Cooper gets clamped

We write to report on a recent tax case won by HM Revenue & Customs (HMRC). It concerned a family general partnership which provided services to a company in which the main individuals are also directors.


In the D J Cooper case, cars and fuel were made available by the partnership to its partners. The First Tier Tribunal upheld HMRC’s view that the attempt to avoid a benefit in kind (BIK) charge by arranging for the cars to be provided by an associated partnership, rather than directly by the company, was unsuccessful.

Further Detail

The partners were directors of a company (or the family members of such directors) to which the partnership provided administrative services. The First Tier Tribunal decided that, despite being provided by the partnership, the cars and fuel were made available by reason of the employment of the directors by the company. As a result, they were taxable as BIKs and also subject to Class 1A national insurance contributions (NIC).

The partnership carried on the business of providing the services of its personnel and administrative services to, its only customer, the company. The partnership had a number of employees who between them carried on the business. The partners themselves had a minimal role in carrying on that business.


The Tribunal concluded that the partnership’s business did not require that its partners were provided with the use of the cars. The cars would not have been provided if the partners were not directors of the company.

Although the cost of the cars was met by the partnership, the partnership issued an invoice to the company on a monthly basis in respect of payment of fees and the cost of providing those cars. Ultimately, the cost of providing the cars was borne by the company.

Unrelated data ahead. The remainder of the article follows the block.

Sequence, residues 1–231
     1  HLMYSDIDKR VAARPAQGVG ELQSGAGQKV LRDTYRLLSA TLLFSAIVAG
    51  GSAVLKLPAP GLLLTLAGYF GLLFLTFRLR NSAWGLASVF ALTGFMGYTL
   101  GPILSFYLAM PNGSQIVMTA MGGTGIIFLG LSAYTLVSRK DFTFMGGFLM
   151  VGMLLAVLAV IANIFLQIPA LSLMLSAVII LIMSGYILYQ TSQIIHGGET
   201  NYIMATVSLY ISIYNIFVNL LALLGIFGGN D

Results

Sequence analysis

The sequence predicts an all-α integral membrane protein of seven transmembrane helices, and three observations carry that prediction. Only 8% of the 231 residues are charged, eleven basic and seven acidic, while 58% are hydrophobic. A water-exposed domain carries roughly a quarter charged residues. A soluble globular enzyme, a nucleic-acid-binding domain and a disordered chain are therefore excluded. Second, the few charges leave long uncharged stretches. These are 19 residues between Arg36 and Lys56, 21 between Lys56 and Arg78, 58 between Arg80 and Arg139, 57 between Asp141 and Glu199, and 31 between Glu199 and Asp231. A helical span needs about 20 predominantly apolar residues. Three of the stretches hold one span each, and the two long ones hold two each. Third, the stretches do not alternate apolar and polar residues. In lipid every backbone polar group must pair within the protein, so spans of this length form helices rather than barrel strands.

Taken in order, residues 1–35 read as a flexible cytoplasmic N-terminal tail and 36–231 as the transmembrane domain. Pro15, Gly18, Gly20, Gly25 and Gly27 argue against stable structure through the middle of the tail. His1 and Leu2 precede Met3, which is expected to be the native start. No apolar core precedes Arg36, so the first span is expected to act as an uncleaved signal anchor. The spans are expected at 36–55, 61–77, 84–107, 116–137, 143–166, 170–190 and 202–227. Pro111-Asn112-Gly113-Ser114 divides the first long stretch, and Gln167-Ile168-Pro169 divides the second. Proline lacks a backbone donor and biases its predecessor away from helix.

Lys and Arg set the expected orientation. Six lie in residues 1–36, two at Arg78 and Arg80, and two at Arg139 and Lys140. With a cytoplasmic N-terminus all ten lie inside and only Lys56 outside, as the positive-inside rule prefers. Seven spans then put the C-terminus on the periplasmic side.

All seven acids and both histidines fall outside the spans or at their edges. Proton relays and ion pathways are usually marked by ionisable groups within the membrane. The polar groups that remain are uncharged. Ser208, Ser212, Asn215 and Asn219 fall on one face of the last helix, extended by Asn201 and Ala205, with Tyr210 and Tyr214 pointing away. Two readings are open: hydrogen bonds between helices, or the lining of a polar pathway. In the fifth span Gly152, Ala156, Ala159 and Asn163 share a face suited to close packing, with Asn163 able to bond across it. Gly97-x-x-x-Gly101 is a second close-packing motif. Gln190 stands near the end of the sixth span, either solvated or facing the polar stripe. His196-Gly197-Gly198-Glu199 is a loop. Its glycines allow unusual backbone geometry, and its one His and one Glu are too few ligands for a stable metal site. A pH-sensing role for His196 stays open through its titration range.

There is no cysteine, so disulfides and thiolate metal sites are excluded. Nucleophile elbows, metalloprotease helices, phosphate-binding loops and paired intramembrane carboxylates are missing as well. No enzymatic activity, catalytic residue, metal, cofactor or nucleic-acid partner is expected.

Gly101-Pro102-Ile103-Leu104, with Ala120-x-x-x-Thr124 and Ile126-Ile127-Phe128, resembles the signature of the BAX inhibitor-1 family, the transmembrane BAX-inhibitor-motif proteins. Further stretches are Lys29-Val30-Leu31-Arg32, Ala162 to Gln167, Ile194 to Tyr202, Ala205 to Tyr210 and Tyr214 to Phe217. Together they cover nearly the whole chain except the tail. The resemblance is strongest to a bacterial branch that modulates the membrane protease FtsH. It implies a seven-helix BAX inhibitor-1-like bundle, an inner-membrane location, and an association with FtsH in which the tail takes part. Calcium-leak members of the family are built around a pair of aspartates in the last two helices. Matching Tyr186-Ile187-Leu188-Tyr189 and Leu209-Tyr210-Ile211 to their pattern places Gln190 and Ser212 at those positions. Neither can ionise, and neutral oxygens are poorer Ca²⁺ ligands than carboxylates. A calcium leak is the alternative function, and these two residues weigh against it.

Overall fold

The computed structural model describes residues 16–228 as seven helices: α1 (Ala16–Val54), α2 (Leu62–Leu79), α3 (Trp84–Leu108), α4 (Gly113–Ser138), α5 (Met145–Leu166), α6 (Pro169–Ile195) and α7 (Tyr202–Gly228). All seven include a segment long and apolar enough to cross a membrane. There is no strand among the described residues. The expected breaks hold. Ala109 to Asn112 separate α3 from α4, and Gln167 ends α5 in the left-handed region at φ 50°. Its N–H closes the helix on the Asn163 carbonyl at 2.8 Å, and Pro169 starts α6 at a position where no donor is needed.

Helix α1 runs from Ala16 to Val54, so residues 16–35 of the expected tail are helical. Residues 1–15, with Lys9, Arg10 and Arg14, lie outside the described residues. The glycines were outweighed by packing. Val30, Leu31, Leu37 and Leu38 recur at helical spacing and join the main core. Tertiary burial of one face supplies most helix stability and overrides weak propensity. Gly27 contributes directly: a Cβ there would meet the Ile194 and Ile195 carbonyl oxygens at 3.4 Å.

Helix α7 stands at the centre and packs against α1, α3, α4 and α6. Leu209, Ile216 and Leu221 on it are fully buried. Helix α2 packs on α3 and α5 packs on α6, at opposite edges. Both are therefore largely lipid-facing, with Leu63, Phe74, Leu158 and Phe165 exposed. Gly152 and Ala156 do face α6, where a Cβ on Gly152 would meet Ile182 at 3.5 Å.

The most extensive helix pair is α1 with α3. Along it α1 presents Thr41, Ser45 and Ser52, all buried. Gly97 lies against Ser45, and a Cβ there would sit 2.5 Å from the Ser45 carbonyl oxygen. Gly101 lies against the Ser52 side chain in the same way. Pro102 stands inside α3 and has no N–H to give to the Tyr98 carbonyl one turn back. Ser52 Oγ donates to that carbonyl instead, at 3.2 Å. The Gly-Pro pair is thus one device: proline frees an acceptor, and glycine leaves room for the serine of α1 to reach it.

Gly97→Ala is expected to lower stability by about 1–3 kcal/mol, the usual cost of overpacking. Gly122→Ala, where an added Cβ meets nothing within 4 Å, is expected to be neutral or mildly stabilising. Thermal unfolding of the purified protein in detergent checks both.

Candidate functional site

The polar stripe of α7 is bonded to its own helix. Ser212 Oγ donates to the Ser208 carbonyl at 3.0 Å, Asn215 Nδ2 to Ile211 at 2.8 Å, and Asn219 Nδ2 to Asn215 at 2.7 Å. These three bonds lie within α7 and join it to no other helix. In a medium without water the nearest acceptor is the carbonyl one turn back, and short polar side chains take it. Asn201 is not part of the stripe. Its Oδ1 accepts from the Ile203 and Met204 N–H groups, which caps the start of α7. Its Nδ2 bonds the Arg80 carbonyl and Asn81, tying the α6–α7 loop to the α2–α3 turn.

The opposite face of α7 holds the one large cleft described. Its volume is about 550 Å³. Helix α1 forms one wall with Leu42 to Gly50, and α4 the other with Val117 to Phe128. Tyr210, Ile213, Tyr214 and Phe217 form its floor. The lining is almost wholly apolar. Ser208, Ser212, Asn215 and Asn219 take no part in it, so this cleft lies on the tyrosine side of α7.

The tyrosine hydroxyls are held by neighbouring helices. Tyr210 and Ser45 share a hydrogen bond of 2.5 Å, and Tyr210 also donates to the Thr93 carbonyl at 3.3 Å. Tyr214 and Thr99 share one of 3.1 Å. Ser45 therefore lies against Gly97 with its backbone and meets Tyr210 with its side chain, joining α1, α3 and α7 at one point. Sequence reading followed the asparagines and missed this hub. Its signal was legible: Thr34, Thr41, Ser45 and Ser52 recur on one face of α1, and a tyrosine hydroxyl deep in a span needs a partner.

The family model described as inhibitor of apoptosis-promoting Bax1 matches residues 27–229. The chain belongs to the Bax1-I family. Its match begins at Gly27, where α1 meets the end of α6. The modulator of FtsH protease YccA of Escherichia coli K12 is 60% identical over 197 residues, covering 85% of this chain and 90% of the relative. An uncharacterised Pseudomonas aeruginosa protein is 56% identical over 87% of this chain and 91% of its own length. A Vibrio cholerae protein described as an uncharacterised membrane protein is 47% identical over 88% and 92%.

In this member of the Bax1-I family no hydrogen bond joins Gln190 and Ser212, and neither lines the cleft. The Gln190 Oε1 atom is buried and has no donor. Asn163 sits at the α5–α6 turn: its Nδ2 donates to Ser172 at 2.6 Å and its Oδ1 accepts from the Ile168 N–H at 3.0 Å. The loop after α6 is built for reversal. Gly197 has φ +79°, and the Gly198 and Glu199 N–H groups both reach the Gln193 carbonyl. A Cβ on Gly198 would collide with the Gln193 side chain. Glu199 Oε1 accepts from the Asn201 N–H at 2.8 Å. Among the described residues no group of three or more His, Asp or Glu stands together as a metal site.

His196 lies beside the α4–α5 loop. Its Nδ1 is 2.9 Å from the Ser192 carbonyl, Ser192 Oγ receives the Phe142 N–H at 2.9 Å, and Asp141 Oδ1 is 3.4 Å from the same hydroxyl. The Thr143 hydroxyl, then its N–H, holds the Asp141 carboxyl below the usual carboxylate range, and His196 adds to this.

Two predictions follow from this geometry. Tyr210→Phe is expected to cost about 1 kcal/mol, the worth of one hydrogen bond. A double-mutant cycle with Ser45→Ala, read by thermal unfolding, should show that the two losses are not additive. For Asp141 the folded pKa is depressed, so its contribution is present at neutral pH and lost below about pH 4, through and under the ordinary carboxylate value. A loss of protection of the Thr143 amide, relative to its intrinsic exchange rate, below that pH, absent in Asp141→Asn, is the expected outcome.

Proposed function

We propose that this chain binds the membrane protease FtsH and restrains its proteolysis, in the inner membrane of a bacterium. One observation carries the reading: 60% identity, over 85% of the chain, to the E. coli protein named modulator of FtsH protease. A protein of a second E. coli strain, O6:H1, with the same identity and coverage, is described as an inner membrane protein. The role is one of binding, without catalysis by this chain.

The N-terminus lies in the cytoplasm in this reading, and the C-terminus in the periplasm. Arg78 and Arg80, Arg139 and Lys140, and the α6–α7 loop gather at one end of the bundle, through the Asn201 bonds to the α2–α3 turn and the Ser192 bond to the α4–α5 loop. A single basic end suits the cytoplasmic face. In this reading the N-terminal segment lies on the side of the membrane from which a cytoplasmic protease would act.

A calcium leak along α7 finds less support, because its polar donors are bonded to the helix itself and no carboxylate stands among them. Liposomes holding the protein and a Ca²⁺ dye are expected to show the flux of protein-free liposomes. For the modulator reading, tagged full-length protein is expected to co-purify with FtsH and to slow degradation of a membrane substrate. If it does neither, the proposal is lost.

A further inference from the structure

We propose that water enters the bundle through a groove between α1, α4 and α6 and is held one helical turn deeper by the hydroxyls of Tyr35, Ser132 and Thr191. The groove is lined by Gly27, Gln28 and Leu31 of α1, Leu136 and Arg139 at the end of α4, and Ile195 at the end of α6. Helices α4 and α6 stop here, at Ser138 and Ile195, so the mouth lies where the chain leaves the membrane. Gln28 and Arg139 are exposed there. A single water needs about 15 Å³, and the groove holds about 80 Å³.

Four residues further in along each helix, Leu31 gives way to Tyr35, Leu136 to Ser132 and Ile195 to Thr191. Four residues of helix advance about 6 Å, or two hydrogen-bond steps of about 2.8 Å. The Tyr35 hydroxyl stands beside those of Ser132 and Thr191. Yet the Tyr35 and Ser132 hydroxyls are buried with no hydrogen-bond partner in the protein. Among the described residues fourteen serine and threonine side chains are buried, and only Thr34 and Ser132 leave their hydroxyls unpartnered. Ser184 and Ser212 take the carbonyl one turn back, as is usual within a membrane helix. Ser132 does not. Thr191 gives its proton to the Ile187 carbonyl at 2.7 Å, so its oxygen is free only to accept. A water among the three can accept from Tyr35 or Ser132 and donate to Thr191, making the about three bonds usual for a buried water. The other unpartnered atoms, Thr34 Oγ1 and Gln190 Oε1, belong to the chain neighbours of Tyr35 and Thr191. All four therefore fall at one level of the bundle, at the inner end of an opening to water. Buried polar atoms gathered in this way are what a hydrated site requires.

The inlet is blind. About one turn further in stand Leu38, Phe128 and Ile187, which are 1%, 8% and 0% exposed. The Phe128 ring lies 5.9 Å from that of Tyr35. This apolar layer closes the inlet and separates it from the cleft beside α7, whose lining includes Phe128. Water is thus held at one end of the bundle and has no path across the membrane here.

The Tribunal considered that the partnership would not have existed, commercially, but for the company its only customer.

The company and its directors face a tax and NIC bill of well over £200,000 going back several years. This is despite the fact that tax has already been paid through the partnership on any “private use” element of the cars.


1. To date, it is not clear whether the taxpayer will appeal.

2. The ruling is likely to be used by HMRC going forward.

3. Consideration should be given to the rationale and commerciality of existing (and proposed) parallel company and partnership structures, particularly where cars are provided to the partners by the partnership.

4. Businesses that have historically entered into such arrangements may be the subject of review and HMRC may look for settlement of earlier liabilities plus interest and penalties where its challenge is successful.

5. As penalties are based on the behaviour of the taxpayer and the way in which a disclosure is made, we recommend that a review of existing arrangements is carried out to determine whether a disclosure to HMRC would be beneficial to negotiate reduced tax and penalties.

6. In cases where existing arrangements include a partnership carrying on a separate business, the facts are not on all fours with the Cooper case, however, HMRC are likely to take a greater interest in such arrangements going forward.

To summarise, care needs to be taken when implementing arrangements to mitigate taxation of directors. Please contact us for further information.




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